Osteoarthritis is one of the most common joint diseases which is due to infection or degenerative changes. This joint disease mostly affects middle-age to elderly people. It is commonly referred to as OA or as "wear and tear" of the joints, but we now know that OA is a disease of the entire joint, involving the cartilage, joint lining, ligaments, and bone. Approximately 80-90% of individuals older than 65 years have evidence of primary osteoarthritis

When bone surfaces become less well protected by cartilage, bone may be exposed and damaged. As a result of decreased movement secondary to pain, regional muscles may atrophy, and ligaments may become more lax.

What cause OA?

The stresses applied to the joints, especially the weight-bearing joints like ankle, knee and hip joints play an important role in the development of osteoarthritis.
If the cartilage breaks down and wears away, the bones rub together. This causes pain, swelling, and stiffness.

Risk Factors for OA

·         Age
·         Obesity (increases mechanical stress)
·         Trauma
·         Genetics
·         Sex hormones
·         Repetitive use (ie, jobs requiring heavy labor and bending)
·         Infection
·         Muscle weakness
·         Acromegaly
·         Crystal deposition
·         Heritable metabolic causes (eg, alkaptonuria, hemochromatosis, Wilson disease)
·         Previous rheumatoid arthritis (ie, burnt-out rheumatoid arthritis)
·         Underlying orthopedic disorders (eg, congenital hip dislocation, slipped femoral capital epiphysis)
·         Hemoglobinopathies (eg, sickle cell disease, thalassemia)
·         Neuropathic disorder leading to a Charcot joint (eg, syringomyelia, tabes dorsalis, diabetes)
·         Disorders of bone (eg, Paget disease, avascular necrosis)

What are the Symptoms of OA?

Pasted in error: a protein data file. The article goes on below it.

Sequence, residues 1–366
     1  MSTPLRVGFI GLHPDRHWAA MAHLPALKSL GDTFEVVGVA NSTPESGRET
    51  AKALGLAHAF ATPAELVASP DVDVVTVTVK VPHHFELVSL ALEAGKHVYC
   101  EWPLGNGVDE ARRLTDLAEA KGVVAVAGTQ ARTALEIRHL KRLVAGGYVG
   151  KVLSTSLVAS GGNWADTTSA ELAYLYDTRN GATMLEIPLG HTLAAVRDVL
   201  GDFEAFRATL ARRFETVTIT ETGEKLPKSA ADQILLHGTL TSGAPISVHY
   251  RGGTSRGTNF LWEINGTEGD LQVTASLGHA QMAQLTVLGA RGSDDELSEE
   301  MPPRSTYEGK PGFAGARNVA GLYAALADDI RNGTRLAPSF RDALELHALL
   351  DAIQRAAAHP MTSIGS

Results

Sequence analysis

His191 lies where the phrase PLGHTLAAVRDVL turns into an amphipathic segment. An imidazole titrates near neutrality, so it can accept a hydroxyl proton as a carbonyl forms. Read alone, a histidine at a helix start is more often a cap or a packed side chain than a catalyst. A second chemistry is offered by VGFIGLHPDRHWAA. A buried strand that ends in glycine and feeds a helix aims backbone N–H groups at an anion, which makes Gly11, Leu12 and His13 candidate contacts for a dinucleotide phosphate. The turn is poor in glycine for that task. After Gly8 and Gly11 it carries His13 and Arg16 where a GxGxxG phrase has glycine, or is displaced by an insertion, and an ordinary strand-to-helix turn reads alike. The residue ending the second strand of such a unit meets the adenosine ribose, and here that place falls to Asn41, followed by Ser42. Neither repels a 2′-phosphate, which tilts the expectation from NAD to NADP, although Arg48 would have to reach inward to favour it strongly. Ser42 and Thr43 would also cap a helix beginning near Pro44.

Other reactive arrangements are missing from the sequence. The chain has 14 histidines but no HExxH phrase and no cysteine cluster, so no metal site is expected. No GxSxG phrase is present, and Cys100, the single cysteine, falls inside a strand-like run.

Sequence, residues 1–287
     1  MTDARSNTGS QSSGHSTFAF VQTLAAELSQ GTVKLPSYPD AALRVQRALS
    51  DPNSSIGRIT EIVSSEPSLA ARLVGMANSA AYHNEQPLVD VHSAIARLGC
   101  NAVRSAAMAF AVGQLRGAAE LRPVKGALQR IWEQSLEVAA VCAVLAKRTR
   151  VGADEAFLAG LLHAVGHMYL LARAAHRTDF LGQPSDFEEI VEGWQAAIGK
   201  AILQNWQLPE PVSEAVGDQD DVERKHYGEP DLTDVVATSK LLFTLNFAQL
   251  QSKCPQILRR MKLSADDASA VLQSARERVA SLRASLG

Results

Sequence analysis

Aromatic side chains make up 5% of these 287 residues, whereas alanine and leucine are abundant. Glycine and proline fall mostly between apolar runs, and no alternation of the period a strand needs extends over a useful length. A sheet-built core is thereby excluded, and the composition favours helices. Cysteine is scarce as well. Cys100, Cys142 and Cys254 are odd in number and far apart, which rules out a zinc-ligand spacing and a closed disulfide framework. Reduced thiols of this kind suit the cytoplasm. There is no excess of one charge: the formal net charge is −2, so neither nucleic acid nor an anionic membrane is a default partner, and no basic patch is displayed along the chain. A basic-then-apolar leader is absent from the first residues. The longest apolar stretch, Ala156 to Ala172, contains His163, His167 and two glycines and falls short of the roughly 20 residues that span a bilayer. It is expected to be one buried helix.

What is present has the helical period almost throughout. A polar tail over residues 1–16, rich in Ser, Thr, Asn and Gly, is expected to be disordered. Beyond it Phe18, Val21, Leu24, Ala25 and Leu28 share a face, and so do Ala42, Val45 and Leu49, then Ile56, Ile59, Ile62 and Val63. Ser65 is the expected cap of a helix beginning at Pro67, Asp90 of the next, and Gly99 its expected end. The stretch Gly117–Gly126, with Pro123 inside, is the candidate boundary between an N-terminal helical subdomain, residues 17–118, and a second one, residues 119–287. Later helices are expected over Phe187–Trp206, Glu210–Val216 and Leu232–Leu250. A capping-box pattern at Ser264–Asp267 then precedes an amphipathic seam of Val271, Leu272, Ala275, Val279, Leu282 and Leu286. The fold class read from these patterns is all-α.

·         Knobby swelling at the joint
·         Joint pain and stiffness
·         Cracking or grinding noise with joint movement (cripitus)
·         Decreased function of the joint
Malalignment with a bony enlargement (depending on the disease’s severity) may occur. Most cases of osteoarthritis do not involve erythema or warmth over the affected joint(s); however, an effusion may be present. Limitation of joint motion or muscle atrophy around a more severely affected joint may occur.
Heberden nodes, which represent palpable osteophytes in the DIP joints (Distal interphalangeal joint), are characteristic in women but not in men. Inflammatory changes are typically absent or at least not pronounced.

How to Diagnose OA?

Your doctor can detect OA based on the symptoms explained above. To make it clear and differentiate, doctor may need X-ray, CBC, RA factor, Synovial fluid biopsy, MRI, Anti CCP and CRP etc.

Management of OA

Usually NSAID (None steroid Anti-inflammatory Drugs) are used to treat the pain like Ibuprofen. You should consult your physician to select your medication. Long term use of anti-inflammatory drugs will damage your kidney, So use it when necessary.
You can support your joint with the muscles surrounded by it. For that you have to strengthen those muscles first by exercises. Exercise will be painful in first few days.

Exercises for OA

·         Water therapy.  When doing exercises in a pool, the water provides enough resistance to help build strength but it also stabilizes the body in a way that open-air exercise cannot.Swimming and walking in a pool can help to strengthen your muscles.
·         Exercise walking or using a treadmill, stationary biking, or using an elliptical trainer are all relatively low-impact forms of exercise that primarily provide cardiovascular benefits, meaning that they provide a good workout for the heart, lungs and burn calories. For those with osteoarthritis pain, these forms of exercise provide a good aerobic workout with relatively little stress on the joints. Stationary biking and the elliptical trainer cause less stress on the spine than walking or using a treadmill.
For OA in knees  , take a pillow and squeeze and release it with both knees for 10 minutes
Straight Leg Raise
Lie on the floor, upper body supported by your elbows. Bend your left knee, foot on the floor. Keep the right leg straight, toes pointed up. Slowly use your thigh muscles, not your back, to raise your right leg.
Pause for five seconds. With the thigh muscles still tight, slowly lower your leg to the ground. Relax. Repeat 10 times. Rest. Do another set of 10 lifts; then switch legs.
Walking; Even if you have stiff or sore knees, walking is still one of the best exercises for knee arthritis. Start slow and keep at it. Walking can reduce joint pain, strengthen leg muscles, and improve flexibility. It's also good for your heart.




Post a Comment Blogger